Watershed Restoration: Principles and Practices

Chapter 2: Ethical Principles

E. P. Pister

doi: https://doi.org/10.47886/9781888569049.ch2

It became apparent to me some years ago that technology seemed to be creating far more resource management problems than it was solving. Philosophical issues—values—were almost totally ignored, both by agency administrators and the educational institutions that produced them. No doubt much of this problem stemmed from the fact that most biologists were taught by professors who had neither read a philosophy paper nor showed any real interest in doing so. Only in their later years, when biologists begin to mature and think more of leaving meaningful legacies than of achieving agency or academic advancement and prestige, does philosophical depth normally emerge.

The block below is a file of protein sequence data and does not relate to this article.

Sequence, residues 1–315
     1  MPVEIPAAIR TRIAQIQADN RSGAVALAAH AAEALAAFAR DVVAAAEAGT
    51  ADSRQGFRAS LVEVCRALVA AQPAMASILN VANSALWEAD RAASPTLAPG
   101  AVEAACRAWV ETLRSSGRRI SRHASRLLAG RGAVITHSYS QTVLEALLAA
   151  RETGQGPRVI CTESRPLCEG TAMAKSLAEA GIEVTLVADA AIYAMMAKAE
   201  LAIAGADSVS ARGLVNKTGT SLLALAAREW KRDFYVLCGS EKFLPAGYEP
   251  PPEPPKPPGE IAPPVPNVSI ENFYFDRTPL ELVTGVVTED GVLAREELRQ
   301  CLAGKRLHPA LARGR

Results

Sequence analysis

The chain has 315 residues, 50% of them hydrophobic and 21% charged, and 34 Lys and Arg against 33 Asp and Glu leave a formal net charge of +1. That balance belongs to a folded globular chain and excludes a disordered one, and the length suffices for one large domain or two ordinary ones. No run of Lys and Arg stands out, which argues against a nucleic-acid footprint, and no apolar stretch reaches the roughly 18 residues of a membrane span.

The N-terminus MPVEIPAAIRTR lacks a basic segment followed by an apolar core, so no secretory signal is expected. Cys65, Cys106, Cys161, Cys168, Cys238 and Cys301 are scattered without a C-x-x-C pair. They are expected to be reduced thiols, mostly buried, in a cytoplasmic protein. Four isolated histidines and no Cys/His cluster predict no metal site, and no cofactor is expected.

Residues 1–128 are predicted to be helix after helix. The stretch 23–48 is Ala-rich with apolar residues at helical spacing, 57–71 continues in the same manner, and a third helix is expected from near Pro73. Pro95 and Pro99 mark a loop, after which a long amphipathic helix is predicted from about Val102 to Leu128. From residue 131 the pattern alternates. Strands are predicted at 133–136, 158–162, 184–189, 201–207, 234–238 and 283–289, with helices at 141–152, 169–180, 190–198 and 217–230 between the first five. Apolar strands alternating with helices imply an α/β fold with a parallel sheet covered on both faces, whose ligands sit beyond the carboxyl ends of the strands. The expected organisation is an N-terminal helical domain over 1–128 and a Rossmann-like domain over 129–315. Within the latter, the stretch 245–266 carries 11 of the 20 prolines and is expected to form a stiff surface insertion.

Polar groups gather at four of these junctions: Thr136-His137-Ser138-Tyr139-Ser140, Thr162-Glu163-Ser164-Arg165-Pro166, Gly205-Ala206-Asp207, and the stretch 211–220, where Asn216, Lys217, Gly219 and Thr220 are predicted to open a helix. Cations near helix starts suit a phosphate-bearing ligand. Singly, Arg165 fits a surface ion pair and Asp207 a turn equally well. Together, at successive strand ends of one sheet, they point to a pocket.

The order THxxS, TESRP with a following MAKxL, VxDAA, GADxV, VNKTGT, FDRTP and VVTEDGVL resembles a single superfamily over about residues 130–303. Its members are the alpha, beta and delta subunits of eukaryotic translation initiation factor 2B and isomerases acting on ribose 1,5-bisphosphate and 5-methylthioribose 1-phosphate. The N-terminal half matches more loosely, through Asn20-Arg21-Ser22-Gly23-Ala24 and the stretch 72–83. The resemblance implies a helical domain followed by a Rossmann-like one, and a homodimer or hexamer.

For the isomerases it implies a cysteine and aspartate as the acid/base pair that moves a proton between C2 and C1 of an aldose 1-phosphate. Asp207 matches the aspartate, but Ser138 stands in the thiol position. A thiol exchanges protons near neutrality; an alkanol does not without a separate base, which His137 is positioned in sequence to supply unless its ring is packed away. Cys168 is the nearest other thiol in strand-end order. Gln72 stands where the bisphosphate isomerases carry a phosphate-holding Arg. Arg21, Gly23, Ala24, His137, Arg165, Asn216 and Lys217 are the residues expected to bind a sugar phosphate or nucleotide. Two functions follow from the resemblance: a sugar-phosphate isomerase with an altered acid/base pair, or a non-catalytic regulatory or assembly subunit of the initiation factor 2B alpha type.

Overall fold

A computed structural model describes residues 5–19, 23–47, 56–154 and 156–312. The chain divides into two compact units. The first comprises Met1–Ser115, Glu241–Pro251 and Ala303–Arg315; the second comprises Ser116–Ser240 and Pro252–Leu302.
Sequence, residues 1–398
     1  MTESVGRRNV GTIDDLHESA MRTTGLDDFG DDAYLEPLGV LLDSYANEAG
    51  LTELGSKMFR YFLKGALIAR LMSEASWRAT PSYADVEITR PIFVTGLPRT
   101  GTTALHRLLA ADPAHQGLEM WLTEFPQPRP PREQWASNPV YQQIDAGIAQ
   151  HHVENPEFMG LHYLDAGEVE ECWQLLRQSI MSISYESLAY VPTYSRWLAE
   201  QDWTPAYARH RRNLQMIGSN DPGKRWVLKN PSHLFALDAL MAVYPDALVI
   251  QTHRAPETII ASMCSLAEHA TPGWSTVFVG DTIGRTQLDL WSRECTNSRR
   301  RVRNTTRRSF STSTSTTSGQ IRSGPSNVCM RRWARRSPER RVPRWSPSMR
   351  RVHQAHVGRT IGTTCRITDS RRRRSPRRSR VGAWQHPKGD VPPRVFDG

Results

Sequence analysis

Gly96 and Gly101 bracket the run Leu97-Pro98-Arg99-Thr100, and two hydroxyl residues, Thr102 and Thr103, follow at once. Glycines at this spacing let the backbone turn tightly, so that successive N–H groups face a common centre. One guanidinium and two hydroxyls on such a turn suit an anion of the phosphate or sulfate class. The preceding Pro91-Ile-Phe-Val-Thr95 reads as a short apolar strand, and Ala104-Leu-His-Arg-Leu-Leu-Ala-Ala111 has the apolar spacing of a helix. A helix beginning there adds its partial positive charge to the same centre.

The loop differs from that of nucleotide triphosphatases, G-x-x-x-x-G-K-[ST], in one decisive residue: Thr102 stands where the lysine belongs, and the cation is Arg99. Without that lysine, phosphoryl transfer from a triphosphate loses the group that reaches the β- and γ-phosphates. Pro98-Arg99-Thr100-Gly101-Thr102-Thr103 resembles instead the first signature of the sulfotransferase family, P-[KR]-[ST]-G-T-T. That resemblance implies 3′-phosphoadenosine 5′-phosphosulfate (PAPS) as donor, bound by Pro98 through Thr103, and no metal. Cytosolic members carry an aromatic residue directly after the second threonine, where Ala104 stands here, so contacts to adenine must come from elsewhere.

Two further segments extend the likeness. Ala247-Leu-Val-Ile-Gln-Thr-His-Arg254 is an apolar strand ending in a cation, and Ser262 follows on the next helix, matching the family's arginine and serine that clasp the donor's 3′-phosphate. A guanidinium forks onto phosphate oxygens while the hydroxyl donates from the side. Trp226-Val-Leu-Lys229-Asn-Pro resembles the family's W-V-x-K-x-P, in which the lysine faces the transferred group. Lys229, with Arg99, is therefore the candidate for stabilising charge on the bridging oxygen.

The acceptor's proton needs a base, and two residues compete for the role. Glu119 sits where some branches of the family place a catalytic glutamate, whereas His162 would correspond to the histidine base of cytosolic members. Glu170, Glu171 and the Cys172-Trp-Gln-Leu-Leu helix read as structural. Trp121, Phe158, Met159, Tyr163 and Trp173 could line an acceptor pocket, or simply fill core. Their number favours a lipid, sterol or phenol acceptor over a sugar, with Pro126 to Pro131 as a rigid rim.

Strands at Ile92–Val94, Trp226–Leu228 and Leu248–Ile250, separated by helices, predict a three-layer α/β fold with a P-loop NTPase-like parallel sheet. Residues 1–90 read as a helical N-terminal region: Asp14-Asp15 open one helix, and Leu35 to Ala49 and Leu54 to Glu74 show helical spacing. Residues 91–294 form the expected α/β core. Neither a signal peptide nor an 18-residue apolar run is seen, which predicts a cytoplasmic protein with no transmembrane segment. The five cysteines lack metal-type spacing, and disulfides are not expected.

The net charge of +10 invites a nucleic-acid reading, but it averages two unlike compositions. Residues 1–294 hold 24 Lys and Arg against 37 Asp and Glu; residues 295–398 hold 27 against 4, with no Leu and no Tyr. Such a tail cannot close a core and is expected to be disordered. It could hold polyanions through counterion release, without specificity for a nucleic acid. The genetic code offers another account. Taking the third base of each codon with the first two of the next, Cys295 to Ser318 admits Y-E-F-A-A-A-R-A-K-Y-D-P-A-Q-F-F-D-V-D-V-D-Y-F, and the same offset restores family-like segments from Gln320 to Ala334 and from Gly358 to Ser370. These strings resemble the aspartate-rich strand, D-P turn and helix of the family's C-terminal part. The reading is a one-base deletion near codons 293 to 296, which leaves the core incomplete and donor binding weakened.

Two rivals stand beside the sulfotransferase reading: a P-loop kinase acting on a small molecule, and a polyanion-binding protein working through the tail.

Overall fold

Such depth was, of course, the hallmark of environmentalist Aldo Leopold (1887–1948), whose book A Sand County Almanac has become a philosophical Bible of conservation and preservation. I was fortunate to have studied wildlife conservation at Berkeley under A. Starker Leopold, Aldo’s eldest son, beginning in 1949, the year following his father’s untimely death. Starker was a chip off the old block, so wildlife values quickly became a major part of my education. Even so, I did not recognize the significance of this fortuitous association for more than a decade (Pister 1987).